By David Hammond
Feni. Ever tasted it? If you have, it’s likely thanks to Chicagoans Drew Whited and Brian McCaslin.
Feni is a liquor produced in Goa, India, from either coconut or cashew fruit. Whited and McCaslin make theirs of cashew fruit, which is the outer shell that encloses the “nut.” Once the cashew fruit is ripe, it falls off the tree, is collected and then smashed to extract the juice, which is put through a triple distillation process. The result is cashew “Feni,” an 85 proof clear spirit. Everything is one-hundred-percent natural and crafted by hand—exclusively by women—without the use of electricity.
In 2009, Feni was given a “Geographical Indication” which means that just like Champagne from France, the name is protected; Feni can be made only in Goa. Whited and McCaslin are in the business of bringing it to Chicago, the Midwest, and eventually all of the U.S.
Whited grew up in Bloomington, Indiana, and his buddy and future business partner McCaslin is from Libertyville, Illinois. They met through mutual friends while still in college. Whited and McCaslin are both athletes (basketball point guard and football quarterback, respectively). Says Whited, “After hanging out and getting to know each other through the years, we became best friends. We are like-minded in a sense that we have a passion for innovation, creating, leading and working hard. After college I took a sales job in Chicago with CDW. I quickly found out I could sell better than anyone around me. But I didn’t want to sell for anyone else. I wanted to sell for myself.”
McCaslin headed toward hospitality, opening a restaurant called Reality Bites in Bloomington shortly after he graduated from college. In 2011, he created “Coco Café,” the first ready-to-drink Coffee & Coconut Water beverage on the market. Less than a year later, McCaslin sold his company to Vita Coco, the biggest coconut water company in the world. McCaslin’s brainchild is now called Vita Coco Café, and it’s sold in over ten countries, including the U.S.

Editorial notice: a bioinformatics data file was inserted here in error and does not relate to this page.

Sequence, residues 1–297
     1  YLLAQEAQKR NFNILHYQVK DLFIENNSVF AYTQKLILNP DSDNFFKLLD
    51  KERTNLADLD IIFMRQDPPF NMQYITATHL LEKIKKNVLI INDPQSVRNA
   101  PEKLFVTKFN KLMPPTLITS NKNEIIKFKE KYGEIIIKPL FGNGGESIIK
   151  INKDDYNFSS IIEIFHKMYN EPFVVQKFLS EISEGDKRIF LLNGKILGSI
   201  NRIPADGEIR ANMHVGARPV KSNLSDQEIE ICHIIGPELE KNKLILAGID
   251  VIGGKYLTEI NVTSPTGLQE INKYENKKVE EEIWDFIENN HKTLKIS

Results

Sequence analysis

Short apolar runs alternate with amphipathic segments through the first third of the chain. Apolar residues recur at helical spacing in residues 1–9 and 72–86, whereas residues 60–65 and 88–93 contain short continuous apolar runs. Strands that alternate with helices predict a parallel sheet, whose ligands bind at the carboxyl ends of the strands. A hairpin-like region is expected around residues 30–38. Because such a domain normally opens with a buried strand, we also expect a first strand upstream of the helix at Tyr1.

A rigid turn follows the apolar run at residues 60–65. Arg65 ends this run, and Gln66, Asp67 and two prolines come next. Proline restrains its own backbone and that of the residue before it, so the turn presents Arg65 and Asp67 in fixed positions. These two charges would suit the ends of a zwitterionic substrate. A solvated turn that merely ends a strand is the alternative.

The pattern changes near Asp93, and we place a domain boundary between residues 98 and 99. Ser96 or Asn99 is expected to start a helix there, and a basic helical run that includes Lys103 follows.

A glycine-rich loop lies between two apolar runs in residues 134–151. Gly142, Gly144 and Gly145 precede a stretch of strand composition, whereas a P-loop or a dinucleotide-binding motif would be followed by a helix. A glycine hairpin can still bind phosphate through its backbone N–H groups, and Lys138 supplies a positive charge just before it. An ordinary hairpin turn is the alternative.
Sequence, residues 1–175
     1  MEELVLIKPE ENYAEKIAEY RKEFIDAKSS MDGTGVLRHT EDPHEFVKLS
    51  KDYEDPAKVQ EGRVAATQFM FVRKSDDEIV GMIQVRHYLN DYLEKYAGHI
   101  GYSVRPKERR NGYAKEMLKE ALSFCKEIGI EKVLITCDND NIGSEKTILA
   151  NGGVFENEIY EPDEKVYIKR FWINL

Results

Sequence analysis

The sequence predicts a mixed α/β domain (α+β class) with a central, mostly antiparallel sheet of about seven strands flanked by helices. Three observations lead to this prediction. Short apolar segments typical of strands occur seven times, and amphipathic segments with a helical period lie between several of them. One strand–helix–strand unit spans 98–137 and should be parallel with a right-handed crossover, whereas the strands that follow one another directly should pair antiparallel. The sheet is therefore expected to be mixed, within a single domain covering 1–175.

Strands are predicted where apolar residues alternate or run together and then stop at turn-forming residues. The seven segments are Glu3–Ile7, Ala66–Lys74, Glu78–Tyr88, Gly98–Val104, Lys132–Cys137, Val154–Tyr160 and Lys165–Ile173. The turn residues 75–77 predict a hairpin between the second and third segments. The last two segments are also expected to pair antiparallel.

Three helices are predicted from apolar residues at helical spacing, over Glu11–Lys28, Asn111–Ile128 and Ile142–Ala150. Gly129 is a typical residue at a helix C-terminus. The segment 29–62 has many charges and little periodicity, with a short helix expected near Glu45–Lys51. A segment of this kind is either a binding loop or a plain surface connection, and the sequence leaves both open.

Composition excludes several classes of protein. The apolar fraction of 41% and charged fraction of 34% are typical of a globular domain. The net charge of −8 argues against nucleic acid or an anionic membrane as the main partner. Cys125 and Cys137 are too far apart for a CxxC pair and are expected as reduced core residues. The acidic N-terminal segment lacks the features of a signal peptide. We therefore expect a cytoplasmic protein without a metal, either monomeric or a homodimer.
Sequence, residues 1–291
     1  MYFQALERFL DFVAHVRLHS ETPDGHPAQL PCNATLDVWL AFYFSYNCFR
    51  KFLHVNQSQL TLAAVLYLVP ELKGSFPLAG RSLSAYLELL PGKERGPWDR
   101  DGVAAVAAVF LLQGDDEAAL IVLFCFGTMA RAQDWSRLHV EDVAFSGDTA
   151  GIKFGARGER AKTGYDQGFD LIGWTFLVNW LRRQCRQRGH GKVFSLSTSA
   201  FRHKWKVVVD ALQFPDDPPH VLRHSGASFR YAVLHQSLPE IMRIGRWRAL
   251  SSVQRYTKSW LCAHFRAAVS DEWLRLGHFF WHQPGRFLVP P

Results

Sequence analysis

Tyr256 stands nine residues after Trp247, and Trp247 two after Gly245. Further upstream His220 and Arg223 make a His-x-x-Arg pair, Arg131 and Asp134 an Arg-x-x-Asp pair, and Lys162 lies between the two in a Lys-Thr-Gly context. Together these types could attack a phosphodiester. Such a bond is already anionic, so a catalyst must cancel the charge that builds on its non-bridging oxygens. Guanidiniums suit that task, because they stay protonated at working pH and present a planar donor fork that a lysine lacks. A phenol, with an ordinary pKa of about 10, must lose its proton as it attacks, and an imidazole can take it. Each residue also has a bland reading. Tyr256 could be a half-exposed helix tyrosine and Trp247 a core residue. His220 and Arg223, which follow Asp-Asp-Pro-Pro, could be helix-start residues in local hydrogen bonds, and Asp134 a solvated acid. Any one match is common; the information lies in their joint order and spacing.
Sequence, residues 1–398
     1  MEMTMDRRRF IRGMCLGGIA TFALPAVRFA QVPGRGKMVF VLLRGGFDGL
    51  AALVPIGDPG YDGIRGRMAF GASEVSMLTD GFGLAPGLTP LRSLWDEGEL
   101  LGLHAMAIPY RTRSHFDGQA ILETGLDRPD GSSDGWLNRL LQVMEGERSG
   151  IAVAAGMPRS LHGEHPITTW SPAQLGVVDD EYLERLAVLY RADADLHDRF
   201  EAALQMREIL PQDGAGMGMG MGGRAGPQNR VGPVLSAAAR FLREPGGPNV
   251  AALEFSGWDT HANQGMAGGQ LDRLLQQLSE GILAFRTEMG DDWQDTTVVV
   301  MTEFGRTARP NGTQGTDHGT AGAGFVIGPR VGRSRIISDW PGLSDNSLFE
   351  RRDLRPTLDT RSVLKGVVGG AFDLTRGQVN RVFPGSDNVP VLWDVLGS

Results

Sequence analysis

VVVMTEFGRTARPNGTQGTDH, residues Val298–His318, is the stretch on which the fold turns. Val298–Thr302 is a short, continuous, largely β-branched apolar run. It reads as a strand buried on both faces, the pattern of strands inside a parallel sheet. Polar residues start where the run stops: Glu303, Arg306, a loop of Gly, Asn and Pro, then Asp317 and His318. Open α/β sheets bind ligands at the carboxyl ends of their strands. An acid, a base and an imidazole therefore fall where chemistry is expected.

“We were selling Vita Coco Cafe to Costco in July 2013,” remembers Whited, “when an Indian lady named Rose told us about a very popular spirit from her country: Cashew Feni. She explained that Feni was consumed at parties, weddings and other celebrations. It’s been around for hundreds of years in India. We were immediately intrigued.”
To get a better feel for this product, Whited and McCaslin needed to do some boots-on-the-ground research. They flew to Goa in September, 2013, to meet with the Vaz family, who’ve been producing Feni for centuries. According to Whited, the Vaz family “opened the doors for us to take Feni to the rest of the world. Some things just fall into place at the right time: meeting the Vaz family was one of them.”
But there are some significant challenges to producing the beverage, which Whited and McCaslin have dubbed Spirit of India Feni.
One key production challenge is that cashew fruits can be harvested only two-to-three months out of the entire year, from February to April, and Feni is produced only around that timeframe. This is a big problem because, as Whited explains, “if we ran out of product for some reason, we wouldn’t just be able to tell our suppliers to send us more. We would have to wait until the next season to make more Feni.”
Nonetheless, says Whited, “We have secured menu placement with Feni cocktails on over ninety percent of the Indian restaurants in Chicago and the suburbs. In our first few months we put a huge focus on getting off-premise accounts set up. We have been selling really well at Binny’s, Chicago’s biggest liquor store chain. Our recent launch with Wirtz Beverage will help fuel these next few months with on-premise and grocery chains. One bar I would suggest visiting for a good Feni cocktail is Caffe Oliva on Ohio Street Beach. They have the Beach Buddha Tiki Cocktail which includes Feni, mango juice, lime juice, and fresh ginger. That cocktail has had a great response.”
So how does the stuff taste?
Having Feni over ice is an intense experience, akin to swigging grappa or white lightning, though Feni has more complexity than either of these two beverages… more, for that matter, than vodka . Whited suggested it would be good with just a squirt of lemon, and it was. Slightly acidic notes in the Feni echo against the lemon, and there’s a gutsy bitterness that makes Feni fine for an after-dinner drink. Of course, at Tiki bars one can imagine conjuring many fascinating beverages from Feni… a booze that’s probably news to you.